Jazz: What a Wonderful World

Louis Armstrong 2

Today is International Jazz Day.

Jazz is all about the human soul, music born in the freedom-crushing cradle of plantation slavery, a defiant child of relentless injustice, proclaiming emancipation of the human spirit well before the chains were cast aside.

No one agrees where the word “jazz” comes from.  Every source has a different story.  But it’s the perfect word for this music.  Jazz just sounds so jazzy. The name alerts you to music that has no boundaries; makes you sit down and expect music that’s allowed to defy limits.

Duke Ellington2Duke Ellington said it well:  “Jazz is a good barometer of freedom… In its beginnings, the United States of America spawned certain ideals of freedom and independence through which, eventually, jazz was evolved, and the music is so free that many people say it is the only unhampered, unhindered expression of complete freedom yet produced in this country.”

There are so many different kinds of jazz, it’s easy to find jazz lovers who like completely different music.  I have a friend who only likes New Orleans Dixieland, nothing else.  I have another who only listens to Charlie Parker.

Alisa-Clancy1Me, there’s a bunch of jazz I like.  I wake up every morning to Alisa Clancy’s Morning Cup of Jazz on KCSM, our Bay Area’s Jazz Station. Alisa starts at 6 am west coast time.  You can hear her at www.KCSM.org.  Best radio DJ I’ve heard in my life.  I always wake up grinning, and often laughing.

Jazz is extraordinary in that it’s the only music where each musician gets to play anything they want during their solo, they get to make it up, create from scratch, pure improvisation in the moment, while the other musicians listen respectfully, let them take the lead, follow and contribute to their sound.  Jazz is the ultimate in playing as a team … each person creating the unexpected, totally in the moment improvising, building off each other .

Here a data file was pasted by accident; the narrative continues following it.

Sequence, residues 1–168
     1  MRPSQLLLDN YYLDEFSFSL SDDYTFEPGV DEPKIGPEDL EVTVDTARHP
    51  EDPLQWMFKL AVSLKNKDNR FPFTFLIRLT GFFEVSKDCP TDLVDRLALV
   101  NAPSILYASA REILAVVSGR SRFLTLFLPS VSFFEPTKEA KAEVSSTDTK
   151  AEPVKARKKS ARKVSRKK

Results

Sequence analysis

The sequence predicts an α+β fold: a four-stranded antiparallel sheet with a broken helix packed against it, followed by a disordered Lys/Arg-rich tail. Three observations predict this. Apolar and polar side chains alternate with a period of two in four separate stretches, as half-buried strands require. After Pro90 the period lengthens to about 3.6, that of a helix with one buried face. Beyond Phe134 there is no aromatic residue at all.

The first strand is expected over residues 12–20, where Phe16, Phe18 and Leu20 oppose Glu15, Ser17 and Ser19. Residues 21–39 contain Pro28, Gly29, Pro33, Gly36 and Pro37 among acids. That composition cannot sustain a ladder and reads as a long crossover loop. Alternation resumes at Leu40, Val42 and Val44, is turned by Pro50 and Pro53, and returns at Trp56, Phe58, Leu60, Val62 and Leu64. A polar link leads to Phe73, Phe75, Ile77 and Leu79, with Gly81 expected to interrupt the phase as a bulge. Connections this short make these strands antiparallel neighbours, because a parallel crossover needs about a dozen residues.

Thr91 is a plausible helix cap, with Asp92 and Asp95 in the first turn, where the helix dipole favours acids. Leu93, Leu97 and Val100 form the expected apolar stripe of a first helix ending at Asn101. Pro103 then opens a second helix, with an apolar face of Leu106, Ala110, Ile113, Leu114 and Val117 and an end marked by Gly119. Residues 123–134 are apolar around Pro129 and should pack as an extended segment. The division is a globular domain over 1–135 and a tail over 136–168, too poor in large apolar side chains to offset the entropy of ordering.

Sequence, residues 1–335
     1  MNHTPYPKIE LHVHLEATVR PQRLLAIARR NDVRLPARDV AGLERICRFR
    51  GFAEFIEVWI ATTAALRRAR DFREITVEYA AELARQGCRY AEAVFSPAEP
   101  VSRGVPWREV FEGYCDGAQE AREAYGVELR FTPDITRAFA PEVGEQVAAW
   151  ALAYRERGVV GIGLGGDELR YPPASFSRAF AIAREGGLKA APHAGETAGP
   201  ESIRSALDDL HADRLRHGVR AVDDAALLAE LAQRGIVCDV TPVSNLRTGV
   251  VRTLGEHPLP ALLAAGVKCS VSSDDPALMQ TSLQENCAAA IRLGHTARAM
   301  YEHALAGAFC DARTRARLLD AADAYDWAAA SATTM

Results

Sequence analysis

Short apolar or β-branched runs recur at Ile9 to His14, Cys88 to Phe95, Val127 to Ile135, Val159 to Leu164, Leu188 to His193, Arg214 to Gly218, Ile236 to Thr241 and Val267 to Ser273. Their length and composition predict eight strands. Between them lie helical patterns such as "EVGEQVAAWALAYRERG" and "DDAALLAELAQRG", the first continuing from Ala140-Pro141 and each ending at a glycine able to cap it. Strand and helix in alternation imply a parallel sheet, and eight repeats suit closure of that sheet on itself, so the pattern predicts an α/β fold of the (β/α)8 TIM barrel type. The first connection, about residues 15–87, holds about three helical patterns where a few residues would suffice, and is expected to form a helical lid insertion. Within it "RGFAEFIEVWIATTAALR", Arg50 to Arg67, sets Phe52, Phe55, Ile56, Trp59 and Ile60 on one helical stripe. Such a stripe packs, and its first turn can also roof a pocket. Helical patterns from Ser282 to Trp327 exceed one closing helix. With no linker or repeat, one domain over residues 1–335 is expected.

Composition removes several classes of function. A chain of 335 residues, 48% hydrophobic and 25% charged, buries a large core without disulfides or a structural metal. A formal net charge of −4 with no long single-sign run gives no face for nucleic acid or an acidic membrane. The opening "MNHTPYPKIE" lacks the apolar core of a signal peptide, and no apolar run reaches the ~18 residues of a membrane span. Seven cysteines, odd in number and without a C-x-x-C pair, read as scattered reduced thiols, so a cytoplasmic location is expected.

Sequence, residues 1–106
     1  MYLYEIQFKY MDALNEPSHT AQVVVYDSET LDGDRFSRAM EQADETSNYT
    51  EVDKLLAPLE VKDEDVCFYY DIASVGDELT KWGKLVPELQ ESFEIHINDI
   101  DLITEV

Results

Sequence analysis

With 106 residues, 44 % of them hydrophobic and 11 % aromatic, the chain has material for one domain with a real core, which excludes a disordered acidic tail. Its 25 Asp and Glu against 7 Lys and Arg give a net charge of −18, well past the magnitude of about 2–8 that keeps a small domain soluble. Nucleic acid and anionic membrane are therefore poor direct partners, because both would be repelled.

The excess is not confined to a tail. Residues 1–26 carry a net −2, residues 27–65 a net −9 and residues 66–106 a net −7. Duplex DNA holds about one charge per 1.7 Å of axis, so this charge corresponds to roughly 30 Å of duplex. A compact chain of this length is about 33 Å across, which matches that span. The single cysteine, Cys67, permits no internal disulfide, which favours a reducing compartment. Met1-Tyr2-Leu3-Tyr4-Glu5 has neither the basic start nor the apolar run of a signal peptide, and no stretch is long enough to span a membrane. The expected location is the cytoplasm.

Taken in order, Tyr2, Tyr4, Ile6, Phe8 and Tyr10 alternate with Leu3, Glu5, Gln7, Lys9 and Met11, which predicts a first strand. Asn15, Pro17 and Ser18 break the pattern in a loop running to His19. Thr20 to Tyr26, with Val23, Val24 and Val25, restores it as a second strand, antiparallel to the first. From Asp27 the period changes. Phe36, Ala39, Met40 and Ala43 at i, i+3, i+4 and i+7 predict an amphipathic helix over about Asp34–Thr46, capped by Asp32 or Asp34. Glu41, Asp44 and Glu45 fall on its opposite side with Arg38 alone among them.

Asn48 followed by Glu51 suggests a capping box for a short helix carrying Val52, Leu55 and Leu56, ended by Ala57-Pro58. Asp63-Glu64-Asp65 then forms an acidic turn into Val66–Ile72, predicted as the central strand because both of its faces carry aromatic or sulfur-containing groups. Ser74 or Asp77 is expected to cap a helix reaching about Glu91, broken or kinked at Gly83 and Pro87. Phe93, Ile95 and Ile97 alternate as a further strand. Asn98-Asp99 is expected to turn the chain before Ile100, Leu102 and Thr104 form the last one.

Wynton Marsalis in ChileAs Wynton Marsalis said:  “Jazz means working things out musically with other people. You have to listen to other musicians and play with them even if you don’t agree with what they’re playing. It teaches you the very opposite of racism and anti-Semitism. It teaches you that the world is big enough to accommodate us all.”

Being a jazz musician is one of the bravest careers there is.  Tell me another career that takes such courage!  My hat is off in gratitude to all of them, to the entire pantheon of greats from days gone by to those playing and singing today.   They fill my soul with every emotion, and ultimately optimism and triumph.  Today we celebrate the victory of the human spirit they bring to life in their music.

Here are some songs I love in case you’re in the mood for celebrating today with some jazz:

Wishing you a jazzy week ahead!



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